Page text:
Business owners need to be aware of a computer bug that targets computer servers running the most widely used Internet encryption security system, according to Better Business Bureau serving the Snake River Region.
Security engineers discovered that the “Heartbleed” bug exploits a flaw in OpenSSL, which allowed them to view passwords and user names when they tested the virus. Secure Sockets Layer (SSL) is an open-source software program that encrypts data over the Internet. It is used to secure business transactions, email, instant messaging services, social media sites and any other sort of web-based system that must secure the data that is transmitted to and from its servers.
Heartbleed compromises the secret keys used to identify the service providers and to encrypt the traffic, the names and passwords of the users and the real content. This allows attackers to eavesdrop on communications, steal data directly from the services and users and to impersonate services and users.
“Once the specialists understood how it worked, they avoided publicizing the discovery until OpenSSL’s developers could create an update that eliminates the security loophole,” says BBB CEO Dale Dixon. “We’re reading that the Heartbleed has also been seen in places like Gmail and Facebook, exposing your personal and financial information.”
Yahoo was among the first-named websites where Heartbleed was detected. Yahoo and other major companies that rely on OpenSSL moved quickly to fix the vulnerability. SSL is used on web servers, but not on PCs or mobile devices.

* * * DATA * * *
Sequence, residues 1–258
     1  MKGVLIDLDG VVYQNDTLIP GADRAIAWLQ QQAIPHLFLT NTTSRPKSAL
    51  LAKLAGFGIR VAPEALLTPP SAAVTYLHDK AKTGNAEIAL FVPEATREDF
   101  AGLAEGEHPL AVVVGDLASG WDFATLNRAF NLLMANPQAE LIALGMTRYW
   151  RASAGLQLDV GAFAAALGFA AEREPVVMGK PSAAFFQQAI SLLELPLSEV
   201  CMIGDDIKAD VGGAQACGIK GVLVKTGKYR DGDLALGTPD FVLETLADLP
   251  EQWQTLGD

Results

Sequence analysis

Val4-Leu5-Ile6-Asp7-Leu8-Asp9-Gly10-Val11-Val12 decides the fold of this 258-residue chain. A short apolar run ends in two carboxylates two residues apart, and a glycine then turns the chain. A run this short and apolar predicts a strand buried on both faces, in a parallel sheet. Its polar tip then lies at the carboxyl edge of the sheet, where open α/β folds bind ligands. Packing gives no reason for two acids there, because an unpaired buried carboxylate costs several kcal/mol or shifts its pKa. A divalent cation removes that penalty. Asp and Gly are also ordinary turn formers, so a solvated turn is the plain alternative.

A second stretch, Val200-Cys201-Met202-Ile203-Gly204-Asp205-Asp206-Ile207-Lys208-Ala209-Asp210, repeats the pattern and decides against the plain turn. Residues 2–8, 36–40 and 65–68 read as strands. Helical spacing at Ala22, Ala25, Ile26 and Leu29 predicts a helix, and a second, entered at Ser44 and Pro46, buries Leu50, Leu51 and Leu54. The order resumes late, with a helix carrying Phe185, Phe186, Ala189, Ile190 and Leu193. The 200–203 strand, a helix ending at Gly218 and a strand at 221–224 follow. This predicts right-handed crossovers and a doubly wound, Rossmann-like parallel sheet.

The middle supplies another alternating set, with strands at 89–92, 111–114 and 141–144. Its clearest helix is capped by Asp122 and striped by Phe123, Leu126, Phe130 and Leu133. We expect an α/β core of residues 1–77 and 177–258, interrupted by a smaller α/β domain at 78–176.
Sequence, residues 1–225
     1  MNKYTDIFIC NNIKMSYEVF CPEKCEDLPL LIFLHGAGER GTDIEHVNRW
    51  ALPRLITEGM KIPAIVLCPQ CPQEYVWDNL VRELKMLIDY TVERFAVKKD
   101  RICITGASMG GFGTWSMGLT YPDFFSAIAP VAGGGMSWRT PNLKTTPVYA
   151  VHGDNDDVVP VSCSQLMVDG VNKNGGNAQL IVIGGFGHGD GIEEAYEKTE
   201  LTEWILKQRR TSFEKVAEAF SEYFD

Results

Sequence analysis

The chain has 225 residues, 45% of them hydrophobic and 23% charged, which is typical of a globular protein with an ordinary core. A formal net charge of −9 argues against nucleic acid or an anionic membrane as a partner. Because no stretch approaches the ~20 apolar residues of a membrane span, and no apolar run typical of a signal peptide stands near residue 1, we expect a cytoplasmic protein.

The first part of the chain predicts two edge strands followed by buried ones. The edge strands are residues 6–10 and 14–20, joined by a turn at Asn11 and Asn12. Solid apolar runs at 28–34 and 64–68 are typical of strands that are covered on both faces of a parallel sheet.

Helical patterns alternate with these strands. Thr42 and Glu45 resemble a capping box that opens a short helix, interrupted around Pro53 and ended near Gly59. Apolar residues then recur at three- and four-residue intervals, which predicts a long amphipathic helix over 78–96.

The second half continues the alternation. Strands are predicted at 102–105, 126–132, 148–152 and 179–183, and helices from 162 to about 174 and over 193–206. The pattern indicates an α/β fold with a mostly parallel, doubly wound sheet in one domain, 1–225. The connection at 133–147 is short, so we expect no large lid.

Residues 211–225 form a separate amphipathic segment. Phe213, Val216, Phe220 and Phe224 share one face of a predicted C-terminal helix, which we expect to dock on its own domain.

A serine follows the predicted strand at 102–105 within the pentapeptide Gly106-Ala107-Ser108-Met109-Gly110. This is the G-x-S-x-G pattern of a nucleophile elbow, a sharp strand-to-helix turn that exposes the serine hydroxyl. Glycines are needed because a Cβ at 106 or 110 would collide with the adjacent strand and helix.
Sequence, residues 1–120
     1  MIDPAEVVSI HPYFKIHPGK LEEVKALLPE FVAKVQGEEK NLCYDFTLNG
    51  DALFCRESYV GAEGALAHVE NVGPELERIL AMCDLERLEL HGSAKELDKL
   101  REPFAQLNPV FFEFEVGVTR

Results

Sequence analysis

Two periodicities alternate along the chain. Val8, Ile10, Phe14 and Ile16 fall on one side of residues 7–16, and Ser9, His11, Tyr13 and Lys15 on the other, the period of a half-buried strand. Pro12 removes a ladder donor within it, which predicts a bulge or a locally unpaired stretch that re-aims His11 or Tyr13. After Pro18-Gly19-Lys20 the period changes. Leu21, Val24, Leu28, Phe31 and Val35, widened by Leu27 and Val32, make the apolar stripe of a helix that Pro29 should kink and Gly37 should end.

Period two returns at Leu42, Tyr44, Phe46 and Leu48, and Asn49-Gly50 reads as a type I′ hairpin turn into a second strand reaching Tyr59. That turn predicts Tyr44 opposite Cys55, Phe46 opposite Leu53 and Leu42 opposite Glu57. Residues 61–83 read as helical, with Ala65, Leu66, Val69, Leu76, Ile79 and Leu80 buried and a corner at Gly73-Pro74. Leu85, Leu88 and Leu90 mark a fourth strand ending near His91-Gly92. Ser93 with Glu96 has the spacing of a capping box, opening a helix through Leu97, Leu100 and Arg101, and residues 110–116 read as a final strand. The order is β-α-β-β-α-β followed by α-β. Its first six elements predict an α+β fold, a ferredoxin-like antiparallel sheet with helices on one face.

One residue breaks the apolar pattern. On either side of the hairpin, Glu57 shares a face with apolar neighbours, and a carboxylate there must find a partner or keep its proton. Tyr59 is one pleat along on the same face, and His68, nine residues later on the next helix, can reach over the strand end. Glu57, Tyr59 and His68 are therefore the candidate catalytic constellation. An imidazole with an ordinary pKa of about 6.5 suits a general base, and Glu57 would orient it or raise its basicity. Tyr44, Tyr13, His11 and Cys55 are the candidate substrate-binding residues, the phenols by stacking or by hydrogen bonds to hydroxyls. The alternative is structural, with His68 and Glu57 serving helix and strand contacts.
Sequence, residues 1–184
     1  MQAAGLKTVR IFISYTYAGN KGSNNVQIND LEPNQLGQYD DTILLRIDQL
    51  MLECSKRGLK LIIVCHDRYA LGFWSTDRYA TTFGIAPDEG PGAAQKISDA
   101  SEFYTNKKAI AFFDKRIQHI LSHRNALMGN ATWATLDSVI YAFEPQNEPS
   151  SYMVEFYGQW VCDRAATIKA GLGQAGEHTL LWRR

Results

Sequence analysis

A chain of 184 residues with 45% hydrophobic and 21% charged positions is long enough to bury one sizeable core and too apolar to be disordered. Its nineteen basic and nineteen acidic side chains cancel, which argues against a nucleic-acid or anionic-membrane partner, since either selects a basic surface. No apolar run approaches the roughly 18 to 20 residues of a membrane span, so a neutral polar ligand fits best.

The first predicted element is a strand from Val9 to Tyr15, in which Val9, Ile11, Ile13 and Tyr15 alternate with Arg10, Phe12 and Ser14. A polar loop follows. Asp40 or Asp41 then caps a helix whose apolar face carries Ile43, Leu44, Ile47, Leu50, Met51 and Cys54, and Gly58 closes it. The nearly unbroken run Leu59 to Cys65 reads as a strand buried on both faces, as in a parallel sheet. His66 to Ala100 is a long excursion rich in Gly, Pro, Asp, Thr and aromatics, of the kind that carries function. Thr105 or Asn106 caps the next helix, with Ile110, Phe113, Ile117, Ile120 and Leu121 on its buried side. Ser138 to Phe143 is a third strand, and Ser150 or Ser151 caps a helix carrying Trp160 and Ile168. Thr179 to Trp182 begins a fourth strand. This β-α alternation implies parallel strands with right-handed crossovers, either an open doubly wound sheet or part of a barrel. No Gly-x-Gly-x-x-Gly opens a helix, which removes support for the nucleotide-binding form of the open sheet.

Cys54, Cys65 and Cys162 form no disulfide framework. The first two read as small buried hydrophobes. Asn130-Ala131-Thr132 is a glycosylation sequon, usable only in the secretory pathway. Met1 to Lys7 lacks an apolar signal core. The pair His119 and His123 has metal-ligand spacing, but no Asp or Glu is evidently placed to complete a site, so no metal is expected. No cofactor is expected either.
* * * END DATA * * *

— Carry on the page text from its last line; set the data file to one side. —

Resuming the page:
The bug is believed to have originated two years ago, but researchers say it covered its tracks to leave no trace of its presence. There is no word on how many servers were infected.
BBB recommends businesses consult a qualified information technology (IT) professional, to see whether their servers are infected with the bug, and if so, remove it and apply the updated, secure version of OpenSSL.
Consumers and businesses should change their passwords, and regularly scan their computers with an updated computer security application. In addition, install operating system updates and software patches, which often address emerging security flaws.
Where to find more information?
This Q&A was published as a follow-up to the OpenSSL advisory, since this vulnerability became public on 7th of April 2014. The OpenSSL project has made a statement at https://www.openssl.org/news/secadv_20140407.txt or https://www.cert.fi/en/reports/2014/vulnerability788210.html.